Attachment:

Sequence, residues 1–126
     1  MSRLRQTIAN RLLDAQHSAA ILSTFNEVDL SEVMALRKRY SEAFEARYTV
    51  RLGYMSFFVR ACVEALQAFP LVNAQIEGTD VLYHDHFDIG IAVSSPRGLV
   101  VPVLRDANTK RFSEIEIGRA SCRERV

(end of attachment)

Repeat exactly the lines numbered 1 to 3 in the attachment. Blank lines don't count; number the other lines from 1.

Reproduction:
Sequence, residues 1–126
     1  MSRLRQTIAN RLLDAQHSAA ILSTFNEVDL SEVMALRKRY SEAFEARYTV
    51  RLGYMSFFVR ACVEALQAFP LVNAQIEGTD VLYHDHFDIG IAVSSPRGLV